Out of Alaska federal court comes a proposed class action that accuses LuLaRoe of imposing an unlawful sales tax on consumers residing in tax-free jurisdictions in Alaska. The filing comes not even a month after the federal judge overseeing a related case, Webster v. LLR, Inc.,denied class certification “based on the variations in state laws that would have to be addressed with the eleven subclasses.” Rather than attempting to include residents of 11 different states, this case seeks to cover a proposed class of Alaska residents in tax-free jurisdictions who were allegedly charged unlawful sales tax on their LuLaRoe purchases.
Filed against LLR, Inc. and LuLaRoe, LLC, the lawsuit claims the clothing retailer discovered issues with its point-of-sale system, Audrey, in January 2016 that were causing LuLaRoe to pay sales tax on all transactions. To address the problem, the defendants reportedly announced in April 2016 a change in the companies’ tax policy that the suit says was “designed to wrongly shift the overpayments caused by the failures of LuLaRoe’s Audrey system from LuLaRoe to its end consumers.” Under the new policy, the complaint explains, sales tax would be charged based on the retailers’ location rather than where the products were delivered because, as stated in the company’s “white paper” memorandum, “it is as if the customer is purchasing from the retailers’ homes.”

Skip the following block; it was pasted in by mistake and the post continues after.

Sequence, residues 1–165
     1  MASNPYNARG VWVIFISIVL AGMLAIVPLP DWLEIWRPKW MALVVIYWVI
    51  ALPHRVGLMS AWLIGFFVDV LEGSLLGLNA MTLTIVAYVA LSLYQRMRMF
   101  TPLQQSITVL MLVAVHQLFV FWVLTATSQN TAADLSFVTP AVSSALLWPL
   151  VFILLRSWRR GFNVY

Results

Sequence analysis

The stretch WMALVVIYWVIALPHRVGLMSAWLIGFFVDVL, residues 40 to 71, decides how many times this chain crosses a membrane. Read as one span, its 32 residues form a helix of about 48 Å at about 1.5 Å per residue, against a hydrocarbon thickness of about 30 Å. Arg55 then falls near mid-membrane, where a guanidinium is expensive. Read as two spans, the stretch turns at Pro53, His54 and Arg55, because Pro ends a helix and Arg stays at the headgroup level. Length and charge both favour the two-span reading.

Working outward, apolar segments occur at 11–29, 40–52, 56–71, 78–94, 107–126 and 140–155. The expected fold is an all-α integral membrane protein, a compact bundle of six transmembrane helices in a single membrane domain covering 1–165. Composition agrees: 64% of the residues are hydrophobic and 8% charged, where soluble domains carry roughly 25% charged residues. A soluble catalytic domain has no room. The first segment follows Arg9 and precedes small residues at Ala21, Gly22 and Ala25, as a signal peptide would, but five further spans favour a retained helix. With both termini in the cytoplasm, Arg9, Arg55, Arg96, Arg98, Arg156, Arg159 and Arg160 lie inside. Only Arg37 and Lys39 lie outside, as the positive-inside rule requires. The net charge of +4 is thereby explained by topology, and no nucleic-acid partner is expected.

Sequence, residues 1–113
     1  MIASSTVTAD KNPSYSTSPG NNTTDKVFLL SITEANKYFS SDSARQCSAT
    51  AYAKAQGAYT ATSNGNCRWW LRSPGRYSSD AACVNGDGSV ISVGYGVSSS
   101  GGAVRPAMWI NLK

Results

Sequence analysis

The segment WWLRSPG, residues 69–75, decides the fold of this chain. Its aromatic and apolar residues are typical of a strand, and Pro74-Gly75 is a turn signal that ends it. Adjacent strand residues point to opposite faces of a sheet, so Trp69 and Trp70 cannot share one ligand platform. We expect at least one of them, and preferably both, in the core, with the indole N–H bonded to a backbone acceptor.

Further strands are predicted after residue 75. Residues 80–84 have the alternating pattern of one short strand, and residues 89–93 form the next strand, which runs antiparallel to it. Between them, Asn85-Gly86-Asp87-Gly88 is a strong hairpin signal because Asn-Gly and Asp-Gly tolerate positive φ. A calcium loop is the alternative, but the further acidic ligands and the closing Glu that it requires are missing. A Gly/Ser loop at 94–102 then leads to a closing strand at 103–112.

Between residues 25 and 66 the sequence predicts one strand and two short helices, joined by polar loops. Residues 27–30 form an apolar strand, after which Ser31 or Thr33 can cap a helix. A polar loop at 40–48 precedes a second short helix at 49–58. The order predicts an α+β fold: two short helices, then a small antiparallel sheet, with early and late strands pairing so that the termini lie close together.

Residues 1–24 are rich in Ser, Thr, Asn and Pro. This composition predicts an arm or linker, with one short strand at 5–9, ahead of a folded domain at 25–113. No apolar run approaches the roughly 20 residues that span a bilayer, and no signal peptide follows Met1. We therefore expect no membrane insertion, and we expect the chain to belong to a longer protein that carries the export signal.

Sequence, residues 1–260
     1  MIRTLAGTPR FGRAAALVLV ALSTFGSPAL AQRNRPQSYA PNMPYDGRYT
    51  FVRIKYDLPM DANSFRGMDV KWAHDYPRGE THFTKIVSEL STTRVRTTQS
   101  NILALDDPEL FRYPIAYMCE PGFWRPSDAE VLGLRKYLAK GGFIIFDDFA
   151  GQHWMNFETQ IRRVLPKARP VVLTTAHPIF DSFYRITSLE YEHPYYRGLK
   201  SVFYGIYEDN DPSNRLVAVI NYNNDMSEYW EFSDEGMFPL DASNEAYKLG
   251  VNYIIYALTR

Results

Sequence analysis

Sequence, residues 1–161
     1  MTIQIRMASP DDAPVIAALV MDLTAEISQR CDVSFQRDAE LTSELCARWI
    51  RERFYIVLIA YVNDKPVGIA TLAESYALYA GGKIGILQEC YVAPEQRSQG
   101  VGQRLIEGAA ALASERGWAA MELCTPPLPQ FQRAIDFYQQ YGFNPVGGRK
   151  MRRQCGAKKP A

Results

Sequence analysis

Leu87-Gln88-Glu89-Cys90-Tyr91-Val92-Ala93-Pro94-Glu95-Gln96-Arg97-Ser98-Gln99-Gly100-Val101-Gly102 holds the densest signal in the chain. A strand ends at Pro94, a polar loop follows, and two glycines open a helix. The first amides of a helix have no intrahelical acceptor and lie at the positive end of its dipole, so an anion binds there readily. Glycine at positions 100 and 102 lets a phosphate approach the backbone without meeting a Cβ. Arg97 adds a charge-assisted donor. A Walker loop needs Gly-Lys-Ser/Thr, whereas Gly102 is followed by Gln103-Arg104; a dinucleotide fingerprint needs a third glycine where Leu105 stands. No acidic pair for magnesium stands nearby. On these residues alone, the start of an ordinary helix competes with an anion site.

The lawsuit charges that LuLaRoe knew this new policy ran contrary to state tax laws yet assured retailers of its legality and insisted that they continue charging the unlawful sales taxes. It was only a month after the tax policy went into effect that the defendants reportedly began receiving complaints from state attorneys general demanding that LuLaRoe cease its unlawful conduct, according to the lawsuit. In response to the Pennsylvania Attorney General, the defendants reportedly admitted they knew they were overcharging consumers yet made no changes to their policy and continued misapplying sales taxes until June 2017.
Only after the unwelcome swell of media attention that accompanied the February 2017 Webster lawsuit did LuLaRoe announce it had been experiencing issues with its POS system and planned to refund consumers who were unlawfully charged sales tax, the complaint points out.
“LuLaRoe claims that it had a ‘plan’ to refund the improper charges to all class members at some unknown future point, but did not actually undertake to make refunds to the class members until after the Complaint was filed,” the case charges.